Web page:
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Citizens Alliance of Pennsylvania


$800 Million Radio System Doesn't Work

by Policy Brief
 

The government does a remarkable job of throwing good money after bad when it comes to projects. In April, we highlighted the unemployment compensation system that was $60 million over budget and still is not functional. Last week, the Senate got an update about another project that is more vital and even further over budget.

In 1996, a project began to create a unified radio network for the State Police and other agencies across the Commonwealth. The initial budget was $179 million. To date, taxpayers have spent over $800 million, and the system still doesn't work right. According to The Daily Item:

"The shortcomings of the existing system were brought to light once again during the 2014 search for Eric Frein, the sniper who killed a state police trooper and wounded another outside a state police barracks in Pike County. During the manhunt for Frein, troopers could not depend on their portable radios to communicate, Stackhouse said.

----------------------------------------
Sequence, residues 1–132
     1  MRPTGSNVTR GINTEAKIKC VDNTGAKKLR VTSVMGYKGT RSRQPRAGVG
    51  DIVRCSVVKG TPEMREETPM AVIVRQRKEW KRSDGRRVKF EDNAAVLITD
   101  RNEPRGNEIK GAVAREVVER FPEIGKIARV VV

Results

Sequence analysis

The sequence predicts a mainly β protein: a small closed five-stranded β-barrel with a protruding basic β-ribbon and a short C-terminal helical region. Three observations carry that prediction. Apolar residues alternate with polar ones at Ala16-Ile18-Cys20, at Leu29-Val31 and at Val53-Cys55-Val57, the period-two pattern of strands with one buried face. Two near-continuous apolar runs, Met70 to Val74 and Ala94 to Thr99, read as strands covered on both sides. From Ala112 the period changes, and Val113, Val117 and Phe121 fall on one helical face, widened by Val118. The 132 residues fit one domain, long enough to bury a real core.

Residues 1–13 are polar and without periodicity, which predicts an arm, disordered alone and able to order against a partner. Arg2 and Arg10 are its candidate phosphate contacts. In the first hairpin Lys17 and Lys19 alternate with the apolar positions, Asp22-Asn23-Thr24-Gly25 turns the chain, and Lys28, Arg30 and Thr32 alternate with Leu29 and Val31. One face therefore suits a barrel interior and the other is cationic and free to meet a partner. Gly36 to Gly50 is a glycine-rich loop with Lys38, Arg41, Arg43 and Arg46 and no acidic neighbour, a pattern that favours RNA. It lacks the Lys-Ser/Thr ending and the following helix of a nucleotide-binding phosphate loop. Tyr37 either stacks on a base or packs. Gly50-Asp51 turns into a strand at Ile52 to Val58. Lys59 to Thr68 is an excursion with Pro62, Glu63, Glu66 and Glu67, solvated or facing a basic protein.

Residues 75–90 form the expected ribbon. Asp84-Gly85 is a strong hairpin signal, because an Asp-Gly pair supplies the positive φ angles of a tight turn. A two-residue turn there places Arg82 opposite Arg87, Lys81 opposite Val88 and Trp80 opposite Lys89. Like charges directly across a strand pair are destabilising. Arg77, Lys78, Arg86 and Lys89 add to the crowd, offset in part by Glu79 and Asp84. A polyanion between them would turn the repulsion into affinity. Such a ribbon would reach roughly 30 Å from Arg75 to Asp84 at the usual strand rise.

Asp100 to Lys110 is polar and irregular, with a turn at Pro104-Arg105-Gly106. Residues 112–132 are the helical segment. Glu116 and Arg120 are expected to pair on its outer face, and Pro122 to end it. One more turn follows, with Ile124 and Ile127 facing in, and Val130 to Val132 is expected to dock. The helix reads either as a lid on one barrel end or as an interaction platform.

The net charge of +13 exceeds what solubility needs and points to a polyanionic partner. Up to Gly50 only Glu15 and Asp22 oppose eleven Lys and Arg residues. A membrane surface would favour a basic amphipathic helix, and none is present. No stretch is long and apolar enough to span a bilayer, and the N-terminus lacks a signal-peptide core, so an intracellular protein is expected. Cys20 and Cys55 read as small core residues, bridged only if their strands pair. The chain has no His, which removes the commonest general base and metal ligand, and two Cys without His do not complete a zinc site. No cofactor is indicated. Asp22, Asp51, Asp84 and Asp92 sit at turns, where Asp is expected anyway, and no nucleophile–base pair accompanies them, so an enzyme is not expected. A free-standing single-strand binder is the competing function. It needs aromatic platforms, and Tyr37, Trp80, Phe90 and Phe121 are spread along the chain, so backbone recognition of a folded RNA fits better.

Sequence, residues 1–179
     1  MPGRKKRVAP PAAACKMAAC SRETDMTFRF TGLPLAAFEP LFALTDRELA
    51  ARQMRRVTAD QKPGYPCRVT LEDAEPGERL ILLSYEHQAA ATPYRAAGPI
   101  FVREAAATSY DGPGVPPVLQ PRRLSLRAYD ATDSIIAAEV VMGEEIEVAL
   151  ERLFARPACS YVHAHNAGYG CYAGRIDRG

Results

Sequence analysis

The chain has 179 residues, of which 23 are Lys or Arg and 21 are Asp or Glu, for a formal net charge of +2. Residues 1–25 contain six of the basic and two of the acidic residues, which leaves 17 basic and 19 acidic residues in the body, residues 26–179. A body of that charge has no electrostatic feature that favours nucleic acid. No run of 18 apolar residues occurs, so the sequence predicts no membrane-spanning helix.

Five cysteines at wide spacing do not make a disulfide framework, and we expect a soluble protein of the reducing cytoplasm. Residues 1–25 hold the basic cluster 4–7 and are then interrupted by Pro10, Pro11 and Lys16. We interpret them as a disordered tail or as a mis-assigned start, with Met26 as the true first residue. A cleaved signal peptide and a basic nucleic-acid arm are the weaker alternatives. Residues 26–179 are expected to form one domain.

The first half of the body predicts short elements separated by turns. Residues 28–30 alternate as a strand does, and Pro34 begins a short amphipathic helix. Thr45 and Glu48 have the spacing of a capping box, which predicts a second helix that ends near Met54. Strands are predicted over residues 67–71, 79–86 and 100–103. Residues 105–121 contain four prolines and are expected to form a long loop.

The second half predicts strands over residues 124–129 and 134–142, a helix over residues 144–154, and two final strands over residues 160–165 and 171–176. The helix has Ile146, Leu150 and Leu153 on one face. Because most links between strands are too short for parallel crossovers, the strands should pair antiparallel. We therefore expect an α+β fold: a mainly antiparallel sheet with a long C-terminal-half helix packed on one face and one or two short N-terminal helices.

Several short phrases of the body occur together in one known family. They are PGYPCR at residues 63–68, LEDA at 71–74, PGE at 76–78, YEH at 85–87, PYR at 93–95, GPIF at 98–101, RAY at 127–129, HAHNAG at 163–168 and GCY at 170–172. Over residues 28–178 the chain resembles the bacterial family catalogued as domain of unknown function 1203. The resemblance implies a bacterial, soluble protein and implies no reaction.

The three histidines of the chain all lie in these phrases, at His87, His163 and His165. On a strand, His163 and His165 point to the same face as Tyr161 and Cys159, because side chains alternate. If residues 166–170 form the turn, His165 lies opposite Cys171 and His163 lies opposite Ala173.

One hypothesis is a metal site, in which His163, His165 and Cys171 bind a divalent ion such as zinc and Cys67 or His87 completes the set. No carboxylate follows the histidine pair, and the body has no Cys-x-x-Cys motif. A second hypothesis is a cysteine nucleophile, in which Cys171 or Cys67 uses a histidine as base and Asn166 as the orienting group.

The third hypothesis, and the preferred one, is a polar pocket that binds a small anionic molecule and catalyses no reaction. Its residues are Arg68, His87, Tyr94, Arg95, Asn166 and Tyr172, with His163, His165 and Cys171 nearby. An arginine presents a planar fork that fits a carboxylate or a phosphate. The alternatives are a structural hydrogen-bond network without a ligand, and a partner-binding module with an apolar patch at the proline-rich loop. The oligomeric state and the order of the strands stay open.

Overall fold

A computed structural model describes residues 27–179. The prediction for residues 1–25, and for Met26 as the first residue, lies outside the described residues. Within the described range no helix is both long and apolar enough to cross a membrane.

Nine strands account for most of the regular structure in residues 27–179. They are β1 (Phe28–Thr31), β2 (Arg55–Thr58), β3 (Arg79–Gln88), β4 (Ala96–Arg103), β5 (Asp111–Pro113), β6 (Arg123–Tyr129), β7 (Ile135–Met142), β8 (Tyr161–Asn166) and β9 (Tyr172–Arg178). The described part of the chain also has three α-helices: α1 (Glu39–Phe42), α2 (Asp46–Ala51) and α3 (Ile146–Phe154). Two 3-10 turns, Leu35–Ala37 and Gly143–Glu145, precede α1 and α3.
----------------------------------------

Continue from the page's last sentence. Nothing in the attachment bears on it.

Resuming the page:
"The problems with the radios mean that there are times when troopers exit their cruisers and find they can't communicate with dispatchers, she said... There also are problems with communicating with other emergency responders who use radio systems that are incompatible with the state police's current system.

"State Sen. Lisa Baker, R-Luzerne County, reported a similar experience when she was in an emergency management vehicle in northeastern Pennsylvania during Hurricane Sandy. The officials in the EMA vehicle couldn't contact a state police cruiser within sight of them because of radio problems, she said." (Emphasis added)

To date, there has not been any attempt by the Commonwealth to go back to the original vendors or project managers to get taxpayer money refunded. Instead officials have continued to go back to the well and draw more money from taxpayers' pockets. Based on the types of questions now being asked at hearings, it would appear that lawmakers are finally starting to change the culture of unaccountability, but there is still a long way to go.


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